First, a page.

There are many applications and styles of compressors but for the producer wanting to get the most out of a mix-down it is one of the most important tools they could ever have.

WHY IS IT SO?  In music there is a term known as dynamics. I remember my old band master screaming at our concert band as I hid behind my clarinet, “You’ve got no dynamics”. What he meant in other words was, no light and shade, we just played as loud we could and ignored any markings on the music to the contrary.

Have you ever been driving along not realising your car radio is tuned to a classical station until suddenly a loud passage of music swells up and you hear it jump out at you? Well this is because classical stations, in an attempt to stay true to the dynamics the composer wrote for the piece, do not use compressors or limiters on their broadcasts.

For a singer, dynamics can mean expressing the vocal from a softly sung passage and breathy tone to a loud passage with a big note.

This is all well and good but what does it have to do with a compressor? Ok you saw in the above how a car’s engine noise can cover over the soft part of a classical piece, well imagine that the car engine is a drum kit and as the vocalist drops down in volume to express a breathy note they are lost under the volume of the drums and the rest of the band.

The same is true for all the instruments in the recording and as a result at mix-down you’re riding the faders (turning the volume up & down) constantly trying to catch for troths and spikes of every instrument.

What you want to achieve is a smooth constant volume (SPL) on each instrument before you start the mix-down, but you can’t ask your performer to change the way they sing or play because they need to capture the emotion of the song, and sometimes that’s loud and angry and sometimes it’s soft and breathy. This is where a compressor will help you.

The two main things we want our compressor to do is,

  1. Automatically raise the volume of the softly performed passages to the average (without affecting the tone).
  2. Bring down the peaks and spikes to the average wave volume so they can all be turned up together.

The desired intensity of the result should be very transparent, meaning it should sound natural and not squashed so the listener doesn’t realise your using it.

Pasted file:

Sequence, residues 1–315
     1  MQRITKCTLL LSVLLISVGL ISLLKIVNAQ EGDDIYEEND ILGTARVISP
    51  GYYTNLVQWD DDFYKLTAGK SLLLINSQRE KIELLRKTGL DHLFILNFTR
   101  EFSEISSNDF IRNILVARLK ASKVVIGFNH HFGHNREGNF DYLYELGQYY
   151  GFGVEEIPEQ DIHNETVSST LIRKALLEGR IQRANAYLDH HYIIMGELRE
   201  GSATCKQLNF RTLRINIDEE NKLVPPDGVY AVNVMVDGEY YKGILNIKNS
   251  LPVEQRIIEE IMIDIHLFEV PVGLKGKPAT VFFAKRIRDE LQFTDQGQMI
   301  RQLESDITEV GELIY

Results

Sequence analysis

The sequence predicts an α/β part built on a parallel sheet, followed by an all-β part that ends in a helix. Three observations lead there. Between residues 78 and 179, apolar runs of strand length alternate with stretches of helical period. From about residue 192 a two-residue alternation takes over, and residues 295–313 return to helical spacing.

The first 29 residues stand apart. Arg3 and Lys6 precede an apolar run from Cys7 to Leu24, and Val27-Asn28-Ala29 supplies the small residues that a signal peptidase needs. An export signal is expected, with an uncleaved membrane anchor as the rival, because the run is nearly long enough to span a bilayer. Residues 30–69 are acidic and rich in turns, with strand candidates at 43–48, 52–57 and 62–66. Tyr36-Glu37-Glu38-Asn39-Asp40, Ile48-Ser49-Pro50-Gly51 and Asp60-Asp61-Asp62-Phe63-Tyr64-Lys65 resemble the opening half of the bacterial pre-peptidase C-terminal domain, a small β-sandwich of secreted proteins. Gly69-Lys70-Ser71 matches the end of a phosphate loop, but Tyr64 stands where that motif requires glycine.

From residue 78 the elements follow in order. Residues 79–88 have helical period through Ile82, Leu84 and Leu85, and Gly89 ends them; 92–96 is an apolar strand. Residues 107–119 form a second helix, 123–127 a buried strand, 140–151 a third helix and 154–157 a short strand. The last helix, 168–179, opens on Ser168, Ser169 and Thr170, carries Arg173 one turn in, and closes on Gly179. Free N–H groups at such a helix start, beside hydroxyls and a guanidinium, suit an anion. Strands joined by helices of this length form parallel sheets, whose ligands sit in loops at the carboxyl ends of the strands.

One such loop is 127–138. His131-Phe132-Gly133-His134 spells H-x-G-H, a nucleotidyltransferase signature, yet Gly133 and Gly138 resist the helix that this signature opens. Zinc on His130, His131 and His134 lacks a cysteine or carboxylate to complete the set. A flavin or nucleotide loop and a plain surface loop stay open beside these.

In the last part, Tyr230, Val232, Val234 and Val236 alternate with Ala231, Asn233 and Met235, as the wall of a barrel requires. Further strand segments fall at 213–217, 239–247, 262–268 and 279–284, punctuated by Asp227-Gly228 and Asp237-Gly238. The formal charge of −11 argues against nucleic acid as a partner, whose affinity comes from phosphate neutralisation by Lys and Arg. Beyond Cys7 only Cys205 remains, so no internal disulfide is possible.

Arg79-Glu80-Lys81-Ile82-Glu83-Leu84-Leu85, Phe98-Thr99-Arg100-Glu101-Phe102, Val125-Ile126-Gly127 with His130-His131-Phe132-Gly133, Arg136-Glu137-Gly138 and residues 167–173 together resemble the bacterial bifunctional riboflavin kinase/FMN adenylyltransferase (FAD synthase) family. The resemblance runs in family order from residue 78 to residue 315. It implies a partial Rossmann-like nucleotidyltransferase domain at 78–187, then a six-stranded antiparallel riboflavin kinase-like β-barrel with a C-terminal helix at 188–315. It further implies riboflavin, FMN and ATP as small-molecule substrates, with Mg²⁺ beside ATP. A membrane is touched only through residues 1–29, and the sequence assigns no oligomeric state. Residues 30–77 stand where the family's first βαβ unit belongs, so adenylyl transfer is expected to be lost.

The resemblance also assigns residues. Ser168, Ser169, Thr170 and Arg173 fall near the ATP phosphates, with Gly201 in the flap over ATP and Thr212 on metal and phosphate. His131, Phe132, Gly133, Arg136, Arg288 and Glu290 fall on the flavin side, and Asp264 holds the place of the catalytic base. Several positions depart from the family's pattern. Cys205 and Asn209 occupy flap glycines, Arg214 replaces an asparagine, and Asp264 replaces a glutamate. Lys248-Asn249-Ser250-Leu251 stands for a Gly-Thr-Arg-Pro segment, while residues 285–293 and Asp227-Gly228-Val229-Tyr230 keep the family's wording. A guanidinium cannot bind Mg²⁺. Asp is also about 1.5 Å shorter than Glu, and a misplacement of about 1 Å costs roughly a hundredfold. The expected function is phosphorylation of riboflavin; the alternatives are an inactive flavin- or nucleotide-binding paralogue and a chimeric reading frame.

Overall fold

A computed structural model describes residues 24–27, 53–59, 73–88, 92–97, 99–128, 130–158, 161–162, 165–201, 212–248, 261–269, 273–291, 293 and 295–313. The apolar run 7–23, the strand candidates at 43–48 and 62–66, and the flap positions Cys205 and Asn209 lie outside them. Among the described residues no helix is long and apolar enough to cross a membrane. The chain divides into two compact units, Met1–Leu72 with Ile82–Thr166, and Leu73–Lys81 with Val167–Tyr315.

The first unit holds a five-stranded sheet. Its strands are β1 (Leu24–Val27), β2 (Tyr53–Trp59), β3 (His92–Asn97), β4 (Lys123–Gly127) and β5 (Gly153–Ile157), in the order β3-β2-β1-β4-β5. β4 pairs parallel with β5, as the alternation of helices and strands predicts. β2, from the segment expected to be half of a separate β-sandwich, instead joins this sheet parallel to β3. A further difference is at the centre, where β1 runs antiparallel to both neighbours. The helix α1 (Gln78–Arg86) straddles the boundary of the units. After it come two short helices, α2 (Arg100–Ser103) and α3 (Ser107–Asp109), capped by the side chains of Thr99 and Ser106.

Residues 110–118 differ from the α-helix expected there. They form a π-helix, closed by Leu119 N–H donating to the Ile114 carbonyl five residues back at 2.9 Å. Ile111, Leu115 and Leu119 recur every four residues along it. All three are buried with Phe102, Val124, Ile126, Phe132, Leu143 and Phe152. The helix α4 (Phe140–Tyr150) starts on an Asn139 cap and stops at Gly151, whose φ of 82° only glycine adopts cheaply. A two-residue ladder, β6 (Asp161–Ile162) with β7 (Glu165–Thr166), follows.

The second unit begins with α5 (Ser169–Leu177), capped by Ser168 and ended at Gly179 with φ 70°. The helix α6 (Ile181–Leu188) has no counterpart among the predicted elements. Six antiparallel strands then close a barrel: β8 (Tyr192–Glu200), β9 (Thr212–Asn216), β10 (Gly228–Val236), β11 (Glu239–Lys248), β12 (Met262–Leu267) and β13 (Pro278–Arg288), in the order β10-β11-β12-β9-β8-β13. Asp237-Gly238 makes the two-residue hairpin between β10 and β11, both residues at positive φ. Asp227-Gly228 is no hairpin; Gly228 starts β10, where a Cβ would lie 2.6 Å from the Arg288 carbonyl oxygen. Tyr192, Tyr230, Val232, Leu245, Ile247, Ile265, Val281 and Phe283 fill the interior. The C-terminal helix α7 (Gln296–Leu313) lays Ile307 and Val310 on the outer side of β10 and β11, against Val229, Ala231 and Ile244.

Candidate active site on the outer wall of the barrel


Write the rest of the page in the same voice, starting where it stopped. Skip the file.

uncompressed-wave-flefig 1. Uncompressed

On the right you can see a picture of a wave file that has a few spikes in it (long narrow lines). Now when you go to bring up the volume of the whole wave the spikes will hit 0db first, and as you can’t go past 0db without clipping, the rest of the wave will have to stay down in ratio. Now after you have many other wave files with this problem it will stop the whole mix getting close to 0db and as a result it won’t be at a commercial level for radio play.

Compressed-wave-filefig 2. Compressed

On the right you can see the difference after compressing the file. The peaks have come down allowing the softer parts to raise more in volume. This will make a huge difference in the mix as you will be able to hear the tone of a breathy soft vocal passage at the same volume as a powerful big note. With the way our human ears qualify proximity, the listener will interpret what was meant to be soft or loud by it’s tone, rather than it’s volume.


JARGON BUSTER explaining the industry terms.

Wave file: You must have air around you to hear anything and as sound travels through the air it causes the air to move around it and on an oscilloscope it looks like a wave. (This is why in outer space where there’s no air, no one can hear you scream.)

0db: This is the maximum volume for digital recording. Exceeding 0db will cause clipping(distortion) of the file, which in the digital domain sounds awful. Awful in digital but is sometimes intentional with analogue (tape)recordings because it can give a nice sizzle (heat) to the wave file. In fact it changes the shape of the peak of the wave to a natural arc, where as it changes a digital wave to a square shape and a nasty sound.

Faders: Faders are the sliders or dials that control the volume output of a channel. Usually found on the bottom of the channel.